A golf club’s biggest asset is its membership, but green fee-paying guests play an important part in a club’s success and its bottom line. Miles Bossom, GOLF RETAILING publisher, asks club professionals just how much they know about their guests
Be honest: what do you actually know about your customers?
First, think about what information you gather when a visitor comes to your club. Do you have a visitors’ book where a quick squiggle against name and home club is all the guest has to complete? If so, you certainly have more than some clubs, which simply take the cash and ask for nothing, but even so it is not enough.
Actually, it’s sacrilege, in so much as that a visitor could well become a return visitor, or even a future member, IF you were to communicate with them after their round.
For all businesses, a sales pipeline is essential, and with golf club memberships on the slide in the UK it is critical that clubs have a prospect list of potential new members. One thing is for sure; your club will lose members – that is inevitable. Whether they move out of the area, give up the game or even worse, move to another club, all businesses churn customers and golf clubs are no different.
This is the leaky bucket syndrome; you have to keep topping it up or soon it will be empty. By losing members you are losing retail customers, drinkers in the bar and potential golf lesson sales.
Capture your audience
Data capture is where it all starts. Whether booked online, by telephone or in your pro shop – get a name, address and telephone number, but most important is the email address. Email communication is quick, easy and cost effective, and you don’t need to be an IT whizz to set up an email to your customers. If you are a member of a retail buying group they can provide this facility.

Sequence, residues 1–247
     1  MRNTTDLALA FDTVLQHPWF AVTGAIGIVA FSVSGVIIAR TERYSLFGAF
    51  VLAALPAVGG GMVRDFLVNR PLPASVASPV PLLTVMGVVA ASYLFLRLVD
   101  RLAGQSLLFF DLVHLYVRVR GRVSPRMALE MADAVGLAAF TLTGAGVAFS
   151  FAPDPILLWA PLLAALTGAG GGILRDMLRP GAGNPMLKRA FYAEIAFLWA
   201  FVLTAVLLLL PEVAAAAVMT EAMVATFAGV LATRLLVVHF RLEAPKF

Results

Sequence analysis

By collecting email addresses, you are starting to build a database, which is golf trade gold dust. Imagine a visitor receives an email after his or her round thanking them for visiting and offering a return visit at a special rate or with a special incentive. It could be a sleeve of balls, a bacon sandwich, a free 20 minute lesson or whatever works for you. This is good customer service and it WILL drive increased traffic to your club.
Your database will quickly grow and will need to be managed. There are a number of data base options available to you but the easiest way to get started would be to keep all of the data in an Excel spreadsheet.
Stay in touch
It is critical to maintain regular communications with members, let alone with visitors, who will generally walk into the shop much less frequently.
Monthly emails can remind golfers how great your club and customer service is, present special offers, details of why non-members should join, and promote other seasonal stock. This type of engagement will gently encourage return visits, and potentially serve as a pipeline to new members.
One thing to consider is not ‘spamming’ your database. In short, don’t send emails too frequently and offer an ‘opt out’ should recipients want to stop receiving them. This could be as simple as putting a statement at the bottom of the message saying; “If you no longer want to receive emails, please reply with the word ‘unsubscribe’”.
And another thing…
There is another reason clubs should capture data on all visitors, which is less about retailing but a lot to do with protecting your members and generating customer loyalty. What happens if a visiting golfer hooks a ball into the car park, smashing your club captain’s Ferrari window, and the culprit is dishonest enough to rapidly high tail it out of Dodge?
Without captured pre-round data, you probably have no way of getting in touch with him. Wouldn’t it be better to have some idea of who has been through your club?
Data capture in five easy steps
1. Gather contact information on all visitors to your club, particularly email address
2. Set up a simple database to enable regular communication
3. Send a ‘Thanks for visiting’ email
4. Be creative; provide reasons why visitors should return
5. If golfers reply to the emails, be responsive – no-one likes to wait.